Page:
<<<

abstract

Getting Started with the tiny

in assembler

compilation

clock stories

desynchronisation

patience and length of time...

in C

variable delay

with arduino

fade adjustable LED

abstract

TP of the Week fabacademy is
to become familiar with the programming of microcontrollers and processors.
I'll start by programming the circuit that I realized few weeks ago: the helloWorld board.


Getting Started with the tiny

First I check my board by flashing it with the example, following the protocol of the tutorial.

  1.  
  2. make -f hello.ftdi.44.echo.c.make
  3. avr-objcopy -O ihex hello.ftdi.44.echo.out hello.ftdi.44.echo.c.hex;\
  4. avr-size --mcu=attiny44 --format=avr hello.ftdi.44.echo.out
  5. AVR Memory Usage
  6. ----------------
  7. Device: attiny44
  8.  
  9. Program: 776 bytes (18.9% Full)
  10. (.text + .data + .bootloader)
  11.  
  12. Data: 64 bytes (25.0% Full)
  13. (.data + .bss + .noinit)
  14.  
  15.  
  16. [email protected]-5520 ~/fabacademy/electronicDesign/programming $ make -f hello.ftdi.44.echo.c.make program-avrisp2-fuses
  17. avr-objcopy -O ihex hello.ftdi.44.echo.out hello.ftdi.44.echo.c.hex;\
  18. avr-size --mcu=attiny44 --format=avr hello.ftdi.44.echo.out
  19. AVR Memory Usage
  20. ----------------
  21. Device: attiny44
  22.  
  23. Program: 776 bytes (18.9% Full)
  24. (.text + .data + .bootloader)
  25.  
  26. Data: 64 bytes (25.0% Full)
  27. (.data + .bss + .noinit)
  28.  
  29.  
  30. avrdude -p t44 -P usb -c avrisp2 -U lfuse:w:0x5E:m
  31.  
  32. avrdude: AVR device initialized and ready to accept instructions
  33.  
  34. Reading | ################################################## | 100% 0.00s
  35.  
  36. avrdude: Device signature = 0x1e9207
  37. avrdude: reading input file "0x5E"
  38. avrdude: writing lfuse (1 bytes):
  39.  
  40. Writing | ################################################## | 100% 0.01s
  41.  
  42. avrdude: 1 bytes of lfuse written
  43. avrdude: verifying lfuse memory against 0x5E:
  44. avrdude: load data lfuse data from input file 0x5E:
  45. avrdude: input file 0x5E contains 1 bytes
  46. avrdude: reading on-chip lfuse data:
  47.  
  48. Reading | ################################################## | 100% 0.00s
  49.  
  50. avrdude: verifying ...
  51. avrdude: 1 bytes of lfuse verified
  52.  
  53. avrdude: safemode: Fuses OK
  54.  
  55. avrdude done. Thank you.
  56.  
  57. $ make -f hello.ftdi.44.echo.c.make program-avrisp2
  58. avr-objcopy -O ihex hello.ftdi.44.echo.out hello.ftdi.44.echo.c.hex;\
  59. avr-size --mcu=attiny44 --format=avr hello.ftdi.44.echo.out
  60. AVR Memory Usage
  61. ----------------
  62. Device: attiny44
  63.  
  64. Program: 776 bytes (18.9% Full)
  65. (.text + .data + .bootloader)
  66.  
  67. Data: 64 bytes (25.0% Full)
  68. (.data + .bss + .noinit)
  69.  
  70.  
  71. avrdude -p t44 -P usb -c avrisp2 -U flash:w:hello.ftdi.44.echo.c.hex
  72.  
  73. avrdude: AVR device initialized and ready to accept instructions
  74.  
  75. Reading | ################################################## | 100% 0.00s
  76.  
  77. avrdude: Device signature = 0x1e9207
  78. avrdude: NOTE: FLASH memory has been specified, an erase cycle will be performed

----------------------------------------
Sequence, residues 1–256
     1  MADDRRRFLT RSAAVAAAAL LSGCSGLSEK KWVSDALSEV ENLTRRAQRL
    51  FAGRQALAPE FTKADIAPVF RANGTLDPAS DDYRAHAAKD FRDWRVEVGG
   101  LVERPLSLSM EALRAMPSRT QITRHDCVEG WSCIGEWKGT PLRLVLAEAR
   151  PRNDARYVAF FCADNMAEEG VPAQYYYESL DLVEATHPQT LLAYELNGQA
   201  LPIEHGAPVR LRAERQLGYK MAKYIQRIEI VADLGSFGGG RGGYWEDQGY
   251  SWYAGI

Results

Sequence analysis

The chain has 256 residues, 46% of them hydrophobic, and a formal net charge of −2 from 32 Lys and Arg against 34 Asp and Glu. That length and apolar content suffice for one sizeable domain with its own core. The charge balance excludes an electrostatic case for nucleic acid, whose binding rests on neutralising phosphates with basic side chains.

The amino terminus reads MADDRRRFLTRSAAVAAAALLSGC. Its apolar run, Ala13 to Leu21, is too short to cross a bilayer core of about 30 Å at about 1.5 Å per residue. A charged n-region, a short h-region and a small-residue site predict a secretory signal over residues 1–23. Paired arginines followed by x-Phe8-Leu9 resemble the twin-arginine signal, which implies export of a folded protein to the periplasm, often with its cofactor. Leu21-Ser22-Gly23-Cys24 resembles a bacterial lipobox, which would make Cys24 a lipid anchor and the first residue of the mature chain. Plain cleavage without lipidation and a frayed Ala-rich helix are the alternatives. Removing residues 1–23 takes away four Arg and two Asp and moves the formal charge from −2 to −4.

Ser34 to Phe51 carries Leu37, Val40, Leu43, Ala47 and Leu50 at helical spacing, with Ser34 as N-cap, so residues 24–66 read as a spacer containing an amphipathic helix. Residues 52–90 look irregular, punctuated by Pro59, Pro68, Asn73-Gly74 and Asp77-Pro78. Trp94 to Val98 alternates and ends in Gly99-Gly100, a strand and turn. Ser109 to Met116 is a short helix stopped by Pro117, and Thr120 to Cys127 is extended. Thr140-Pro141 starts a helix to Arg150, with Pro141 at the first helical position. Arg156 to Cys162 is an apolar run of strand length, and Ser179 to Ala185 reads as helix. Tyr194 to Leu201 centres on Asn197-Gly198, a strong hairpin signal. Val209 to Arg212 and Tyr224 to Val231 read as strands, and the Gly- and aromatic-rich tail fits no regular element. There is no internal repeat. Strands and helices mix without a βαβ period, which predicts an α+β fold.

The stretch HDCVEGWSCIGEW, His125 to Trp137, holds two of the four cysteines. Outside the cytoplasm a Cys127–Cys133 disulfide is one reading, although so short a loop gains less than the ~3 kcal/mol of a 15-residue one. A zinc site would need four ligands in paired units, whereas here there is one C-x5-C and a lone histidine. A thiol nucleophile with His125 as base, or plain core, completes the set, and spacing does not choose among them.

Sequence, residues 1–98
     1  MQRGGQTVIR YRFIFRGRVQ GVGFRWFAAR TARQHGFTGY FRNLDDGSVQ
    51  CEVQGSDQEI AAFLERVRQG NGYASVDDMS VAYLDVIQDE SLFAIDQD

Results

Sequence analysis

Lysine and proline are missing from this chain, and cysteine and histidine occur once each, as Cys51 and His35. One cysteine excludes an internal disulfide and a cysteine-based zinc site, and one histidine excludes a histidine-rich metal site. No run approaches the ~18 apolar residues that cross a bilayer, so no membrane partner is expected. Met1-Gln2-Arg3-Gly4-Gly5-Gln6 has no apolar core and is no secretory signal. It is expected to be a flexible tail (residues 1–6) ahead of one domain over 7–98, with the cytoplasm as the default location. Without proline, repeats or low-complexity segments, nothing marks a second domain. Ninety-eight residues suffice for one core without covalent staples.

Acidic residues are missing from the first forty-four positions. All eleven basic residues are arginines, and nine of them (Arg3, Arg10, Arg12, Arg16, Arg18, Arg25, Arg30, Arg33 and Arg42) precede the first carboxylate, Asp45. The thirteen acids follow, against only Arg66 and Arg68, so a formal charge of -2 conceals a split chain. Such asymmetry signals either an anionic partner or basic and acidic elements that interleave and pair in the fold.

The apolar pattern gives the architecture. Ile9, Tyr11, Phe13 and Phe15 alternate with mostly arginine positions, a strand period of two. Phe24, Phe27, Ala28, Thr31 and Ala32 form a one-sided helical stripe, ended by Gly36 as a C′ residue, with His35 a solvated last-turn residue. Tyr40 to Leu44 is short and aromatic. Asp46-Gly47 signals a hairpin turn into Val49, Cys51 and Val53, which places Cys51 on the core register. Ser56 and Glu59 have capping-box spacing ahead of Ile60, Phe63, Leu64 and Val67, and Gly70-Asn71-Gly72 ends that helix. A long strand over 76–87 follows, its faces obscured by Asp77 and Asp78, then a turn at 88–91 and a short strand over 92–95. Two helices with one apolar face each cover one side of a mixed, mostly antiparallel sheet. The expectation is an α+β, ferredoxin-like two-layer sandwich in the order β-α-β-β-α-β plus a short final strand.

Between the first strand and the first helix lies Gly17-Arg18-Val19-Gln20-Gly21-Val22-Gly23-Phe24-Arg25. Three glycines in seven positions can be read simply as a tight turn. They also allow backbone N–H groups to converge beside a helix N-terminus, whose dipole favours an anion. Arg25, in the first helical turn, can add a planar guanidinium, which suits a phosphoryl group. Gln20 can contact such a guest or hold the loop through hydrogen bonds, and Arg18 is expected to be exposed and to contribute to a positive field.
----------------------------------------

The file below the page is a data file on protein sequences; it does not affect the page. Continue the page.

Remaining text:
79. To disable this feature, specify the -D option.
  80. avrdude: erasing chip
  81. avrdude: reading input file "hello.ftdi.44.echo.c.hex"
  82. avrdude: input file hello.ftdi.44.echo.c.hex auto detected as Intel Hex
  83. avrdude: writing flash (776 bytes):
  84.  
  85. Writing | ################################################## | 100% 0.27s
  86.  
  87. avrdude: 776 bytes of flash written
  88. avrdude: verifying flash memory against hello.ftdi.44.echo.c.hex:
  89. avrdude: load data flash data from input file hello.ftdi.44.echo.c.hex:
  90. avrdude: input file hello.ftdi.44.echo.c.hex auto detected as Intel Hex
  91. avrdude: input file hello.ftdi.44.echo.c.hex contains 776 bytes
  92. avrdude: reading on-chip flash data:
  93.  
  94. Reading | ################################################## | 100% 0.23s
  95.  
  96. avrdude: verifying ...
  97. avrdude: 776 bytes of flash verified
  98.  
  99. avrdude: safemode: Fuses OK
  100.  
  101. avrdude done. Thank you.
  102.  
  103.  
  104.  
  105.  

Avrdude say "thank you" : it's a good sign, but unfortunaly, the serial connection don't responds.
exploring different codes I found an Neil's Comment "lfuse set to 0x7E for 20 MHz xtal"
but in the makefile that I used, the fuse is Set to 0x5E
I try to understand the datasheet to solve this problem ...

In the datasheet, it is question of the calibration of the oscillator :
"... OSCCAL = 0x7F Gives a higher frequency than OSCCAL = 0x80 ..."

I have not been able to decode the exact code to understand what is this setting
but I see it comes to select the external clock and multiple clock.

In any case, the circuit works I can start trying to program

simply edit the Makefile by replacing:

  1.  
  2. program-avrisp2-fuses: $(PROJECT).hex
  3. avrdude -p t44 -P usb -c avrisp2 -U lfuse:w:0x5E:m
  4.  
  5.  

by :

  1.  
  2. program-avrisp2-fuses: $(PROJECT).hex
  3. avrdude -p t44 -P usb -c avrisp2 -U lfuse:w:0x7F:m
  4.  
  5.  



in assembler

I chose easy: instead of writing in hexadecimal, I will use assembler ...
Based on the example of Neil, I'll try to do my LED flashing.
some ressources : french article
AVR Assembler User Guide

compilation

we need download the compiler gavrasm
Once unzipped the folder (or installed) you can compile a program with the command:

  1. ./gavrasm <fichier_source_asm>

for example in my case :

  1. ./gavrasm hello.ftdi.44.blink.asm

I can compile my code, but the LED does not blink ...

clock stories

I try a delay loop as this :

  1.  
  2. delai:
  3. ;ldi temp, 255; max